Johnnie Bassett | Theater Critic's Choice | Chicago Reader

Johnnie Bassett 

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JOHNNIE BASSETT

In the 60s, Detroit-based guitarist Johnnie Bassett worked with Johnny "Guitar" Watson, Tina Turner, and Little Willie John, as well as more elemental bluesmen like John Lee Hooker and Washboard Willie. He even played on some of Smokey Robinson's first recordings with the Miracles. But in the middle of that busy decade, Bassett also formed his first organ trio, and ever since then the sounds of urban soul jazz have dominated the albums he's put out under his own name. His latest, Party My Blues Away (Cannonball), is a bit less smooth and nightclubby than his previous releases, with punchier production, chunkier horns, and--on tunes like "Big Boss Woman" and "Johnnie's Boogaloo"--booty-shaking funk bass lines. The studio ensemble is basically his regular band, the Blues Insurgents, who augment his guitar with drums, organ, tenor sax, trumpet, and sometimes piano or electric bass. Bassett also adds vocals, though they're not his greatest strength: his broad, grainy baritone sometimes sounds labored, and he's chosen too many songs with trite or childish lyrics ("Send You Thru 2000" makes arch references to Viagra and the millennium, and "Good Good Goodies" mostly repeats variations on the title ad nauseam). His guitar leads, on the other hand, are supple and tonally rich, and his solos display impeccable syntax--he'll preface a phrase with a quick, attention-grabbing grace note, introduce his theme with a couple snaky single-string lines, bend upward into an aural question mark, and conclude with a gently declamatory chord, all within the space of 12 bars. Yet there's nothing studied or stiff about his playing: He swings and skips breezily above the jaunty, horn-heavy groove of the title track, and on the meditative ballad "Kissin' Me Goodbye" his guitar lines twine and tickle all over saxist Keith Kaminski's moody riffs. And "Good Good Goodies," despite its lightweight lyrics, is relatively aggressive, as Bassett alternates B.B. King-style string bends and probing upper-register jabs over a driving shuffle beat. For this show he'll be accompanied not by the Insurgents but by a combo of keyboard, bass, and drums. Saturday, December 16, 9:30 PM, Rosa's Lounge, 3420 W. Armitage; 773-342-0452.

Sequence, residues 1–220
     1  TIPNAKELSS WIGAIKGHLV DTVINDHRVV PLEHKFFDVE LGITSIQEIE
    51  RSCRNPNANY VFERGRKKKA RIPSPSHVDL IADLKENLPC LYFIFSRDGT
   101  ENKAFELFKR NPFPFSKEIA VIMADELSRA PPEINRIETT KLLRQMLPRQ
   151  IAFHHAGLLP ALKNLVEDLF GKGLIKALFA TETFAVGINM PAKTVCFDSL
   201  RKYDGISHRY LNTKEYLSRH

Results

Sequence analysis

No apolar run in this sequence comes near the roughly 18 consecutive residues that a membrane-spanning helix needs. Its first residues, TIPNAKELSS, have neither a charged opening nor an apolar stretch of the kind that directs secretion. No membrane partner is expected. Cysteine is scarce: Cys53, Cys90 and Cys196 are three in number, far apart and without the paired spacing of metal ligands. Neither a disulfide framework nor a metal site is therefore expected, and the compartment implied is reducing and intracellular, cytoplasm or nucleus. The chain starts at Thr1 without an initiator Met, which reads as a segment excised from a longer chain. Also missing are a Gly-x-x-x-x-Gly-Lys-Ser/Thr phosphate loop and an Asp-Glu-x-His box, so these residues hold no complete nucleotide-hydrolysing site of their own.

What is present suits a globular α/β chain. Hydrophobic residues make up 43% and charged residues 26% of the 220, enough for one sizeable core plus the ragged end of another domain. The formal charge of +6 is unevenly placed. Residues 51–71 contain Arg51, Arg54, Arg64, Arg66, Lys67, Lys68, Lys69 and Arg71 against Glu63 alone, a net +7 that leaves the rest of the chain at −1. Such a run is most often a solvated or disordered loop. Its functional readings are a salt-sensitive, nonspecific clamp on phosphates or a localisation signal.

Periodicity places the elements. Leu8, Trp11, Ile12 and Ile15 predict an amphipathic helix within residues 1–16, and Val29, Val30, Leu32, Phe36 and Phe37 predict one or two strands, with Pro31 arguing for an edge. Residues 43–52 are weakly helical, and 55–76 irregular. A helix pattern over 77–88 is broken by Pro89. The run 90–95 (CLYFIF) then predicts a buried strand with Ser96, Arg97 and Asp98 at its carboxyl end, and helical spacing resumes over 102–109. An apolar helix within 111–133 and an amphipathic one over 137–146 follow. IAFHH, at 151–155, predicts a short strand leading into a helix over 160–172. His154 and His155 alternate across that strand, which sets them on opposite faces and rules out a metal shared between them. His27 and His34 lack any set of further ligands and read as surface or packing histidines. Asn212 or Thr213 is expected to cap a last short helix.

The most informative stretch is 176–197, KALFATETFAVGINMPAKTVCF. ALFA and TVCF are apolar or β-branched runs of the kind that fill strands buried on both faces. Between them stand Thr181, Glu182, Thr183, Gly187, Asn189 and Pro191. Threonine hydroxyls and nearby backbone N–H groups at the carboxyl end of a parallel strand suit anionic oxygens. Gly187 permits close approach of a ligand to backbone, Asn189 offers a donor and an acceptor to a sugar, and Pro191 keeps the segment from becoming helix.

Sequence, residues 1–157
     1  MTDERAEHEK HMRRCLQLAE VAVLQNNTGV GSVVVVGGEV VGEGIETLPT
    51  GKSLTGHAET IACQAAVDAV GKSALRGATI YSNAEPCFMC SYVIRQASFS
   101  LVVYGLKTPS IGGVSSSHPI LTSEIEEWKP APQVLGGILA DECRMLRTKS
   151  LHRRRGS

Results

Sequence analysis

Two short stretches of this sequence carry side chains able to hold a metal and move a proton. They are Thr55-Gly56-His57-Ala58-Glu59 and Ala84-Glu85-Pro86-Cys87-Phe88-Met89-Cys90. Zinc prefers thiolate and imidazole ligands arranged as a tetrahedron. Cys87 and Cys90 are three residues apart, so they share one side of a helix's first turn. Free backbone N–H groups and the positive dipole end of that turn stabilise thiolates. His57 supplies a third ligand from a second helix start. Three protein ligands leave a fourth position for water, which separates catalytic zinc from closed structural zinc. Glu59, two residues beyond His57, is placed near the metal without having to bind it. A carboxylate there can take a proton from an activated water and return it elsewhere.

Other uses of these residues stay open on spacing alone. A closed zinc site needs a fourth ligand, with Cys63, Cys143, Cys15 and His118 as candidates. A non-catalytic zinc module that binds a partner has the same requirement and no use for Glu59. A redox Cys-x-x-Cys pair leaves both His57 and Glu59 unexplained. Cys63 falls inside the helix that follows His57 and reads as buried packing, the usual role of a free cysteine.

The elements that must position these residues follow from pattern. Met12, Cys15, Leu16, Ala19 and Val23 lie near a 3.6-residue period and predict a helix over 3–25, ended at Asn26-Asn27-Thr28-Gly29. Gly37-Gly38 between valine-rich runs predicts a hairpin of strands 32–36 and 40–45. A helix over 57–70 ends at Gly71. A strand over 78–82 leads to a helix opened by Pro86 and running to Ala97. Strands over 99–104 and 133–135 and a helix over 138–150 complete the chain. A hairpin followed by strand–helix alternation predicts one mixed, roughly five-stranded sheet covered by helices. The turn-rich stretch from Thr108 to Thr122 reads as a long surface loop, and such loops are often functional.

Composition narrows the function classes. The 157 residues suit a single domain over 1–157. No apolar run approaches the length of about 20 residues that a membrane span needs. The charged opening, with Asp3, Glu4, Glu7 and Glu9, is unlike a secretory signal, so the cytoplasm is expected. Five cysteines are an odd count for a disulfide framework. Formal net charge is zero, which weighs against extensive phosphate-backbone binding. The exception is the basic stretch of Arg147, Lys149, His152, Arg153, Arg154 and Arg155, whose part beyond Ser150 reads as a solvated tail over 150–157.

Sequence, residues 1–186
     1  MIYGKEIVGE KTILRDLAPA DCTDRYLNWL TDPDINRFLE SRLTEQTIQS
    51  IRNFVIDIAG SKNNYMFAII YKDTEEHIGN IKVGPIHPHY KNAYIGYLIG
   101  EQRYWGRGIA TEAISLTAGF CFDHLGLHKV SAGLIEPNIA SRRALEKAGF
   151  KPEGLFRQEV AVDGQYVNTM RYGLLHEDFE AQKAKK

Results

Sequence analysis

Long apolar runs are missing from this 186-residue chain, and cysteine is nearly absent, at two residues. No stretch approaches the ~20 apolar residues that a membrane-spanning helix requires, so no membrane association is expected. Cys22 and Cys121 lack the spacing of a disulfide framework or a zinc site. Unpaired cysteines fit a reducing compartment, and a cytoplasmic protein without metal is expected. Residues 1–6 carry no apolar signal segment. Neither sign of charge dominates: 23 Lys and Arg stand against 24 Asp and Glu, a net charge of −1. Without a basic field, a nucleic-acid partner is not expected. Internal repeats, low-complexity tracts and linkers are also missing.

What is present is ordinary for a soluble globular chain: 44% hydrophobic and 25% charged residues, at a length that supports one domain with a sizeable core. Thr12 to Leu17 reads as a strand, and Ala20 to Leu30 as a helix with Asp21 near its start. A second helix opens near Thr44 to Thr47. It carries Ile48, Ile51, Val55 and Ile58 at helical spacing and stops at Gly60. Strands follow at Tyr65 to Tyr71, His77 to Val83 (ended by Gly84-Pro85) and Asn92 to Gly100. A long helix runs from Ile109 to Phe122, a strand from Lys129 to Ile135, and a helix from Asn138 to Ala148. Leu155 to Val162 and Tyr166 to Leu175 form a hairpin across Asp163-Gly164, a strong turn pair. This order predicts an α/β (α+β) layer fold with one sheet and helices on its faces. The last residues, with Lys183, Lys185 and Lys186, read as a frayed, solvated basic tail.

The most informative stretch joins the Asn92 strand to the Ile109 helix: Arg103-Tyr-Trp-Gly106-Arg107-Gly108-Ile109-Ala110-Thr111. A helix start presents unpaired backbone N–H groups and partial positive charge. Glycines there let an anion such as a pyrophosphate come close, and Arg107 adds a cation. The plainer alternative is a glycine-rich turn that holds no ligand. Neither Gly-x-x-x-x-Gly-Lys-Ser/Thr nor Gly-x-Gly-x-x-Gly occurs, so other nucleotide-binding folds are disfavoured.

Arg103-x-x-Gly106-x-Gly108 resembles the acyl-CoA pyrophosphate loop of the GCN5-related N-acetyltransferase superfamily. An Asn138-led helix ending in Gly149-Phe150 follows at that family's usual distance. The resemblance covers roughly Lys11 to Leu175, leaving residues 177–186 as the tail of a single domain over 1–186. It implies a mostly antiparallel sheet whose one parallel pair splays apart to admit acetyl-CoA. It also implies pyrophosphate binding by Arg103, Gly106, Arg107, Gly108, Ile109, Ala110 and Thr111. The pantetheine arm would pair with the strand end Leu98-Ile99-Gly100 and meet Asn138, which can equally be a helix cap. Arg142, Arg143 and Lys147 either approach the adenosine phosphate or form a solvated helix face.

DAVID WHITEIS

Art accompanying story in printed newspaper (not available in this archive): photo/James Fraher.

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